Over the past few months, researchers at FireEye have observed several smishing campaigns whose goal was to deliver Android malware to users in Europe.
Between February and June 2016, the security firm spotted five smishing, or SMS phishing, operations targeting people in Denmark, Italy, Germany, Austria and possibly some other European countries.
Researchers have identified a total of 55 malicious binaries used in these campaigns. The attackers set up command and control (C&C) servers, uploaded the Android malware to hosting websites, and then sent out links in SMS messages in an effort to trick recipients into installing the malware on their devices.
Once it infects a device, the malware monitors it to see what apps are executed by the victim. If one of the targeted applications is launched, the threat overlays a phishing page on top of it to get the user to hand over their information, which is then sent to the C&C servers.
While mobile banking applications appear to be the main target, researchers also analyzed operations where the cybercrooks were after information associated with messaging and other apps. The attacks were aimed at users of the MobilePay app offered by Denmark’s Danske Bank, WhatsApp, Google Play, Ubercab, YouTube and WeChat. In two of the campaigns, the malicious apps were disguised as the official post office applications used in Austria and Denmark.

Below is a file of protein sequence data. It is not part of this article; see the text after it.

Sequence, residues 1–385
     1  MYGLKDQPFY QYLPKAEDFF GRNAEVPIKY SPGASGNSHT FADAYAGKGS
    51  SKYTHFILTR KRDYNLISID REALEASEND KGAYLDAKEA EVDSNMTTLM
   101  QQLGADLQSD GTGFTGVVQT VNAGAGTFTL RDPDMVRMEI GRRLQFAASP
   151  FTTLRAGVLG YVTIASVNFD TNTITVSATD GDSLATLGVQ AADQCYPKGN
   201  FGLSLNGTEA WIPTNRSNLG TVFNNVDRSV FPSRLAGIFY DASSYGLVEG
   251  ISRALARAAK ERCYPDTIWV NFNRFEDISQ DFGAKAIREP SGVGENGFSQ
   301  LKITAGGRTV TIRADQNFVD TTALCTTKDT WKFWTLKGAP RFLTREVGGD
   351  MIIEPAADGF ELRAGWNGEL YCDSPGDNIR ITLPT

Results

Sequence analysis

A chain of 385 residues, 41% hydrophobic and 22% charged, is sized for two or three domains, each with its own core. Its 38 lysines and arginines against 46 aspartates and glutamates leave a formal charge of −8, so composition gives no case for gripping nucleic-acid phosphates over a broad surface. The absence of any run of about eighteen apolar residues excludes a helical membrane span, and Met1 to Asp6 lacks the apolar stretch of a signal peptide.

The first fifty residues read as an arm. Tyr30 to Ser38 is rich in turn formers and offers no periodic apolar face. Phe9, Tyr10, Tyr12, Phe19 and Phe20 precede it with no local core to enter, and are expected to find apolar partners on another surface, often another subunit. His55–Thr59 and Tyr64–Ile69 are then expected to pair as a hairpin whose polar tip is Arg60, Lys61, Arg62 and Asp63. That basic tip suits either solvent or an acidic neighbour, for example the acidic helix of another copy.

While the pieces of malware deployed in these campaigns have the same general functionality, experts noticed that the threat actors started improving their creations, adding more obfuscation and bypassing Android security features.
Attackers have leveraged several URL shortening services in an effort to evade detection. The use of such services has allowed experts to determine how many devices could be infected. FireEye said the 30 shortened URLs used by the cybercriminals to redirect victims to malware had been clicked more than 160,000 times – most of the clicks were from the first few days after the link was created.
In addition to URL shorteners, the attackers also used domains they registered themselves and compromised websites to deliver the malware. The self-registered domains were given names similar to the app that was used as bait. Since registering many domains can be costly, the phishers often also leveraged compromised sites to host their malware.
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